(Back to central point) This discussion of instructional productivity, er workload, centers on numbers from the state system showing the average CalUP faculty member generates 758 credit hours per year.  That’s #1 in the system by almost 2 standard deviations — next is Slippery Rock at 652.  Cheyney is lowest at 469.  At Assembly our most knowledgeable person said that Carnegie II.A institutions have an average of 589 — which is East Stroudsburg’s average (they rank 9th in the system, telling you how well we do; our unweighted average is 599).

Should instructional productivity be a performance indicator?  Probably not.  But our best early analysis of the options to university managers is that this is one they will all pick.  It is one that is clearly attainable (many other options seem unattainable).

This morning on *CBS Sunday Morning* they had a piece on college costs.  They interviewed the president and a student from Sarah Lawrence, amongst others — the most expensive college in the country, according to the story — and both talked about how the personalized attention from faculty was the great attraction of the university.  The president said it wasn’t faculty salaries that drove their price so high, but the fact they had to hire LOTS of faculty to keep that small class experience.

The point was made on the Assembly floor that CAL no longer can claim that kind of experience.  758 represents an average of 21 students in EVERY class CAL offers.  Of course, that would mean that EVERY faculty member teaches 12 courses, that no one has any release time to run a program, chair a department, do research…which we know isn’t true.

It means that every student sits in a class with a lot of other students — not Sarah Lawrence.  What it IS like is Penn State — a comparison made on the floor as the 758 number is almost exactly what the behemoth university in State College has as their average, too.  Although we hate it, WE ARE PENN STATE!

This is where we are in public higher education in Pennsylvania, and the US, today.  In the *New York Times* today, Frank Bruni cites an Organization for Economic Cooperation and Development statement: Thirty years ago, the U.S. led the world in the percentage of 25- to 34-year-olds with the equivalent of at least a two-year degree; only Canada and Israel were close.  As of 2009, the U.S. lagged behind 14 other developed countries.”  We don’t generate the number of degrees we need to stay with, let alone ahead, of the rest of the world because we make higher education both unaffordable and inaccessible.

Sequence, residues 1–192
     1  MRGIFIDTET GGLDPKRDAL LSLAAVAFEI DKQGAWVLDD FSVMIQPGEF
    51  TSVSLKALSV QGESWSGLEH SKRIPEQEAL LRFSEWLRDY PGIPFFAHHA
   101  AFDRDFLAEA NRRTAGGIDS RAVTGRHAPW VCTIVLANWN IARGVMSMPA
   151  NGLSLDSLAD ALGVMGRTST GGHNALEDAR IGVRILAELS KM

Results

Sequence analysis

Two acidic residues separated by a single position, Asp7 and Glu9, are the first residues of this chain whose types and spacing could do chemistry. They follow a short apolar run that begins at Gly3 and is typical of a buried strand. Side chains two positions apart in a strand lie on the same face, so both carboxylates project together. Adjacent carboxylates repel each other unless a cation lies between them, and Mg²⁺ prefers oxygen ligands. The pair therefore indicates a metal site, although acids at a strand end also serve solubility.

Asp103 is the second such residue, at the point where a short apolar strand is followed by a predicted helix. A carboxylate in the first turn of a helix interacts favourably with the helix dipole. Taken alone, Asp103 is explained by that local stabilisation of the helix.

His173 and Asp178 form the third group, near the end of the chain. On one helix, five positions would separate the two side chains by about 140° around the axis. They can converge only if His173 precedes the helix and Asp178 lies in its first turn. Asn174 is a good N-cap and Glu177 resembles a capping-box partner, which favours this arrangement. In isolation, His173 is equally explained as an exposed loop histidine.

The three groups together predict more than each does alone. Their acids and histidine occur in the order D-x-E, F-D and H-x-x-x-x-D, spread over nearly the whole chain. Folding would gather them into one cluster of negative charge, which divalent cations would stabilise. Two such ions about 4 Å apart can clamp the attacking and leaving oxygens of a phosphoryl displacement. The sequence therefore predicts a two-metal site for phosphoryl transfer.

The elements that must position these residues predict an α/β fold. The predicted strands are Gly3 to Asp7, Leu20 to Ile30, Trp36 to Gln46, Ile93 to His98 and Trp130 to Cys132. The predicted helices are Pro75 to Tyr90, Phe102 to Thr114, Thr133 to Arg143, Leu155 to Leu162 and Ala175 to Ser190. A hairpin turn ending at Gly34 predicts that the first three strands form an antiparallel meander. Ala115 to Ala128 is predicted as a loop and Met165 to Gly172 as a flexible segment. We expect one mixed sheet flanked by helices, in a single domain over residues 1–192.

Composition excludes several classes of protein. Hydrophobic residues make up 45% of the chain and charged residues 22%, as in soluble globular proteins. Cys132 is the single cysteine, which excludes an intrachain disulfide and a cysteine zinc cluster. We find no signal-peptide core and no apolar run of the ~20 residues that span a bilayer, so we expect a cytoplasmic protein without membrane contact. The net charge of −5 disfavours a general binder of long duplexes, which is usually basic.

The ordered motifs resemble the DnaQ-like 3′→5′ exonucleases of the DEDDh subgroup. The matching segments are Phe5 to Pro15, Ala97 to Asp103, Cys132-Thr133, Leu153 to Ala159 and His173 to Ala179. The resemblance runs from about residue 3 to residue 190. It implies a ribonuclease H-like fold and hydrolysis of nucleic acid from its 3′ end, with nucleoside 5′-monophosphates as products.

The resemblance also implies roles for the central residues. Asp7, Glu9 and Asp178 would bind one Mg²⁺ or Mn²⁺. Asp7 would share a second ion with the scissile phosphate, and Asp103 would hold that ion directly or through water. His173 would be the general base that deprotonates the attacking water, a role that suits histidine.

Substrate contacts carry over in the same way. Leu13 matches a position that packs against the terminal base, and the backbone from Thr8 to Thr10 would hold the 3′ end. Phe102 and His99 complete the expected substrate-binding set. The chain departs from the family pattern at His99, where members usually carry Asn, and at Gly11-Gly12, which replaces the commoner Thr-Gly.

How?  By defunding higher ed, both in Pennsylvania and across the country.  Last year PASSHE took an 18% cut in funding from the state; we’ve been asked to give back 5% more this year; and for 12-13 the current proposal from the Governor is a 20% cut.  This is after what even the State Senate  Appropriations Committee has admitted has been at least a decade of defunding.  Tuitions have risen and PASSHE’s Board and then the universities have responded with higher tuition AND a cut in their needed expenditures (it’s known in budget-tuition talk around the System as “the Gap” — the difference between the income from tuition and state appropriation and the real cost to sustain the current apparatus — and it’s been over $20 million every year I’ve been state APSCUF president).  It’s a squeeze from both ends.

This squeeze leads to more “productivity,” which, yes, means more faculty workload.  There’s no one else to squeeze in an academic institution: there are only so many copiers, paperclips, and backroom workers.  The real business is students and faculty.  Though you’d be surprised how little of an institution’s budget is actually for that part of the business (one set of numbers makes it to be in the 20-30% range and declining annually).   Classes grow, faculty have more students, the way we teach changes.

Who wants to go to college to sit in a large class, or sit in their dorm on their laptop in “distance” learning, or go to college where no one connected to the university even acts like they want to know their name?  College education is a labor intensive exercise.  As the labor economist from George Washington University said, we haven’t found a way to make it anything but labor intensive.

It serves no one to be more productive at some point: even an English professor (like me) understands the rudiments of the law of diminishing returns.  There’s a reason that all the PASSHE institutions have long advertised themselves to students (who are either the consumers or the product in the productivity model — that one can’t tell says much about how well the model applies) as familiar, know-your-name, private school model institutions.  No one has ever said “we are and want to be like (Carnegie) research (i) institutions, with large lecture halls and grad students in front of smaller classes.”

Cal has reached the point of diminished returns.  PASSHE should be careful about walking the other 13 institutions in their footsteps, given their current financial state.

Our students deserve quality education.  They deserve personalized attention.  They deserve a real opportunity to become what they want to become, not the plumber or carpenter that is the Corbett Administration concentration (which is NOT what students who choose to go to college want to do).